On the territory of Malaysia, an unknown language is discovered

Residents of one of the villages in the north of the Malaysian peninsula communicate with each other in a previously unknown language from the Austro-Asiatic language family, in which there are no analogues of the words “buy” and “sell”, say Swedish scientists.

Linguists discovered an unknown language in Malaysia

Residents of one of the villages in the north of the Malaysian peninsula communicate with each other in a previously unknown language from the Austro-Asiatic language family, in which there are no analogues of the words “buy” and “sell”, say Swedish scientists.

“This language is not spoken by representatives of some unknown tribe of hunter-gatherers living in the deaf jungle, as one would expect, but by the inhabitants of one of the Malay villages, which anthropologists used to visit often. They did not notice their main feature, what we, linguists, managed to do, “says Niclas Burenhult of Lund University in Sweden.

According to current estimates of linguists, today there are approximately six or seven thousand languages ​​on the Earth, spoken by peoples from all over the world. Only 6% of them are widespread – they are spoken by more than a million people, and the 10 most common languages ​​account for about 40% of the world’s population.

The remaining 94% of languages, according to linguists, are threatened with extinction in the near future due to the spread of Western mass culture and globalization. Today, UNESCO and many other international organizations are trying to develop measures to save the legacies of these languages ​​and the cultures to which they belong.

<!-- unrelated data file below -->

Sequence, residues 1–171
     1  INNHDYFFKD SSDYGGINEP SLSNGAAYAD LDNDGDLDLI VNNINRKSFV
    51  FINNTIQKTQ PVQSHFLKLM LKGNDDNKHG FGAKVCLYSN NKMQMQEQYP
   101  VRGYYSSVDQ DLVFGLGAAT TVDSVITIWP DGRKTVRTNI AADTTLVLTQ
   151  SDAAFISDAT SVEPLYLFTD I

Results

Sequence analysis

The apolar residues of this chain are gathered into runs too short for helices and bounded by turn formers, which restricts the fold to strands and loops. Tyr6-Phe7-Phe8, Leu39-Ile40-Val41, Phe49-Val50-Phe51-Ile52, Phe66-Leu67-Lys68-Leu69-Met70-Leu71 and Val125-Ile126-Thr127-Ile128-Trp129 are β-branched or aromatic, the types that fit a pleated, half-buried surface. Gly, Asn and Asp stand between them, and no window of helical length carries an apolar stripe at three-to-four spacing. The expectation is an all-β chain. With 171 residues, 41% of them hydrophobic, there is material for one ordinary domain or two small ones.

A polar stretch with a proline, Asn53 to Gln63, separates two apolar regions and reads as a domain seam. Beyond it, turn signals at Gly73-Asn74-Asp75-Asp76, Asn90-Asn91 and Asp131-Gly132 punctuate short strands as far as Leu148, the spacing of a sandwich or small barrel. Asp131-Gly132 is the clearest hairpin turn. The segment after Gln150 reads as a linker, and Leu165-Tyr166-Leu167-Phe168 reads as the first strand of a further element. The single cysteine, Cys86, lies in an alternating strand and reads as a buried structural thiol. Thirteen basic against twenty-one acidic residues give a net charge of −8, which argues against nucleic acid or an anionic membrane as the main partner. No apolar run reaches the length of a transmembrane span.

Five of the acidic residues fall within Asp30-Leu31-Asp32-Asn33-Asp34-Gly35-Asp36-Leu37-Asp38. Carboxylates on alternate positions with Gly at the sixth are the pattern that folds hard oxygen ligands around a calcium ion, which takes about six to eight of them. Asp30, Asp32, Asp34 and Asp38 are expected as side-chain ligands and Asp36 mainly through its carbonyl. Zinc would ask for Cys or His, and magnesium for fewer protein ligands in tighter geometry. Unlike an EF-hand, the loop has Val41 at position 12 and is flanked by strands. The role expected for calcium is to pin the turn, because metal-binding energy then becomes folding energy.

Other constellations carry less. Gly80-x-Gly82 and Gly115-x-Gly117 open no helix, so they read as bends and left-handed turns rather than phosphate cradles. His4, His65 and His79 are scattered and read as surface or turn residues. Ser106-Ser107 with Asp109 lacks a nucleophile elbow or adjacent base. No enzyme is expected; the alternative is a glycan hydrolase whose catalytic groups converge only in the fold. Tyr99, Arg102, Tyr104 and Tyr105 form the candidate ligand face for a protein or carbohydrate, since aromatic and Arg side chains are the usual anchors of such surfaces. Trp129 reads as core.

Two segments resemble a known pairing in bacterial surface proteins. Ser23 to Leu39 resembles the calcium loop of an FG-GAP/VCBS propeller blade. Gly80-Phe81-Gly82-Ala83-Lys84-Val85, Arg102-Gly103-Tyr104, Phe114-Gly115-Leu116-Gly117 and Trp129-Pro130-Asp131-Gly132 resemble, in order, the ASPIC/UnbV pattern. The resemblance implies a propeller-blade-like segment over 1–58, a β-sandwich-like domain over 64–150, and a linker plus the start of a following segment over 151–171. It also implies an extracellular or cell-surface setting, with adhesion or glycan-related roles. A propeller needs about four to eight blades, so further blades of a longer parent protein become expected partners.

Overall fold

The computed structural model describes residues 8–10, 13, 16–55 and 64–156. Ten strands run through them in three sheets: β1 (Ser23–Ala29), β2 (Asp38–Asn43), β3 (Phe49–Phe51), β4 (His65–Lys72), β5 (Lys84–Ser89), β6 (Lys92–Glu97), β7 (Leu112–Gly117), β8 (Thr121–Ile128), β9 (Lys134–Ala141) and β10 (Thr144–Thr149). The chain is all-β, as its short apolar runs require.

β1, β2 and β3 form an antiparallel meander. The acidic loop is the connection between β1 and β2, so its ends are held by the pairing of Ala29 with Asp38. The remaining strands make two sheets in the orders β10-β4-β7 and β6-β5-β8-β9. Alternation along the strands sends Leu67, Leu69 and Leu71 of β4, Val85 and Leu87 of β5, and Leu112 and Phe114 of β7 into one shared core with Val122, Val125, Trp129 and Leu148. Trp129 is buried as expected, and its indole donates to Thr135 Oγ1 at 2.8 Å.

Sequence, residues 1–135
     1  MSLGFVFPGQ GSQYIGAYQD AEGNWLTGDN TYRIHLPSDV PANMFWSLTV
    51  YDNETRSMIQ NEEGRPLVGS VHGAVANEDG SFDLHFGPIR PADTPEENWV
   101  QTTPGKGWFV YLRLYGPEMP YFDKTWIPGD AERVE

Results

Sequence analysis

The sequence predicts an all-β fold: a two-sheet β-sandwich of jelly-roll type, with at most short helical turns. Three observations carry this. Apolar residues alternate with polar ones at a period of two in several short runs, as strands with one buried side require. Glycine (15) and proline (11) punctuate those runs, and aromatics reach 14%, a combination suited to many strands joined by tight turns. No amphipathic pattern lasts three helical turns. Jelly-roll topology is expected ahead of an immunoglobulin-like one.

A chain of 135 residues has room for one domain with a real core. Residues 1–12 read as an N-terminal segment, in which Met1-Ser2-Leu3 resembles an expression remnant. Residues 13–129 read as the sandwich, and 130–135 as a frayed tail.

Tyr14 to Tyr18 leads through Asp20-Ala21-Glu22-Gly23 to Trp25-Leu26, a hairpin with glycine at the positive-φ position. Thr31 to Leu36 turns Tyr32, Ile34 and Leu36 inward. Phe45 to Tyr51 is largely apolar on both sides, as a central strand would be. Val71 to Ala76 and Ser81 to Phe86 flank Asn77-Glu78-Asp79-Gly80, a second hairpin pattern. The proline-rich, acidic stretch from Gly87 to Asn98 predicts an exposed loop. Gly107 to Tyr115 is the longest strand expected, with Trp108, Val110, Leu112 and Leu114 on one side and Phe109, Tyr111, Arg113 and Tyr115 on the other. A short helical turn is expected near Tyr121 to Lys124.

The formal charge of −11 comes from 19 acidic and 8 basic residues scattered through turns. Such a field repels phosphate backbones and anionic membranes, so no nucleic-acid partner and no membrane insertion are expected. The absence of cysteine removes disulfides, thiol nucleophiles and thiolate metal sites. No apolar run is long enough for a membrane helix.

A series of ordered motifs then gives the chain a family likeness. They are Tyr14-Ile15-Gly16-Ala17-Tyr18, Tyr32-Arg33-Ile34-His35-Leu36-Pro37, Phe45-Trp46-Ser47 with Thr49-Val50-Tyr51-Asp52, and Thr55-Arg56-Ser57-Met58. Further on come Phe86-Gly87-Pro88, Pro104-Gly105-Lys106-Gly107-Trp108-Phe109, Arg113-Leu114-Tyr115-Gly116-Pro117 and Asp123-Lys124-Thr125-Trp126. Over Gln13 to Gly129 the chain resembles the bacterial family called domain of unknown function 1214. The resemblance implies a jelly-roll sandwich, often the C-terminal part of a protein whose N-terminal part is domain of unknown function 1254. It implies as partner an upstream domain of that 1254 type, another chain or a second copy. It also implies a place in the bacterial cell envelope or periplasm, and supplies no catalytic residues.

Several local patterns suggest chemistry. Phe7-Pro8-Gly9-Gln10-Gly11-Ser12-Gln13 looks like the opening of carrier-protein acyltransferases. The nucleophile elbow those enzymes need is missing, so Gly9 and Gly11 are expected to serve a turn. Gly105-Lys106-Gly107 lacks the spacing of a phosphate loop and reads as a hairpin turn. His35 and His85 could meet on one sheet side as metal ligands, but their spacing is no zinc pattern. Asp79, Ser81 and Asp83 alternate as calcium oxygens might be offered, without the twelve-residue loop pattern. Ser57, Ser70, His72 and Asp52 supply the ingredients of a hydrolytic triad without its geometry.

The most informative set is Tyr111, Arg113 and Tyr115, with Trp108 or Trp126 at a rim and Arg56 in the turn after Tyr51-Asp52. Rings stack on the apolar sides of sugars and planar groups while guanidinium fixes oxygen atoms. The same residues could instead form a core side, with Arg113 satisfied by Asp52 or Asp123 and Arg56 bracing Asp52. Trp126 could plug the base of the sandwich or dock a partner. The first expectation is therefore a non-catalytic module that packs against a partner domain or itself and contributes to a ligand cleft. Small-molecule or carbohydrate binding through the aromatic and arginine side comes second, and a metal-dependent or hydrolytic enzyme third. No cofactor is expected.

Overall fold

One of the first victims of this process could be the Jedek, a language discovered by Burenholt and his colleagues in the Malaysian village of Sungai Rual, located in the state of Kelantan in the north of the country. Three hundred of its inhabitants, according to scientists, belong to the number of hunter-gatherers “stuck” in the primitive communal system, and for their lives anthropologists have been watching for more than half a century.

Despite the great interest in Sungai Rual, as Burenhult notes, anthropologists did not notice that their friends are not speaking in one of the already known languages ​​of the Asli group, widespread among the tribes of hunters-gatherers of Southeast Asia, but in a completely new and unknown science of dialect .

About this, according to the Swedish linguist, scientists learned only five years ago, when his team conducted a kind of “census” of the Asli language group, studying all its carriers living in the north of the Malaysian Peninsula, in Malaysia and Thailand.

“When we started talking to the villagers in the Jahai language, we suddenly realized that most of its inhabitants spoke a very different dialect. They used words, phonemes and grammatical structures that were absent in Jahaya. Some of these words were similar to expressions from other Asli languages, whose carriers live in very remote corners of the peninsula, “added Joanne Yager, one of Burenholt’s colleagues.

Djedek, in her words, is interesting in that there are no expressions associated with buying and selling, private property, courts, crimes and other “products” of civilization. His disappearance, according to Burenhult, will make humanity more monotonous and less rich from a cultural point of view.